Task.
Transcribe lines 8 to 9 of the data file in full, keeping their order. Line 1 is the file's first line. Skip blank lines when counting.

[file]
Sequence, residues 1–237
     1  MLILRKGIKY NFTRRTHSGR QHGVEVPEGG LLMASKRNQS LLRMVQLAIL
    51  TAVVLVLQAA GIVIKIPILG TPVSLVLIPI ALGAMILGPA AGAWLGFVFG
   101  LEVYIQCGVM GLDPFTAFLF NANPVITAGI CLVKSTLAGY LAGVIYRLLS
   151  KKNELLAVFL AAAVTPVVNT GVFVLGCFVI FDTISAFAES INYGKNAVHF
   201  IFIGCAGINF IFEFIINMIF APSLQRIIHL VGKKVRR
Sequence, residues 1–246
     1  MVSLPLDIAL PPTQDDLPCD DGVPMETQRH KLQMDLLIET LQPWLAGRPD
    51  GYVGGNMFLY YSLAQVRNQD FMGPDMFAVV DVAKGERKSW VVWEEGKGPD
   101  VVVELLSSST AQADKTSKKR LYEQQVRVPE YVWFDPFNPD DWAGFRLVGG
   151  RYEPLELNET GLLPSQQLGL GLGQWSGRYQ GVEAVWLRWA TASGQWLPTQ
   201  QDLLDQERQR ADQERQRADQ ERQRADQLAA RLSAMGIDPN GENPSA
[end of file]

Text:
     1  MVSLPLDIAL PPTQDDLPCD DGVPMETQRH KLQMDLLIET LQPWLAGRPD
    51  GYVGGNMFLY YSLAQVRNQD FMGPDMFAVV DVAKGERKSW VVWEEGKGPD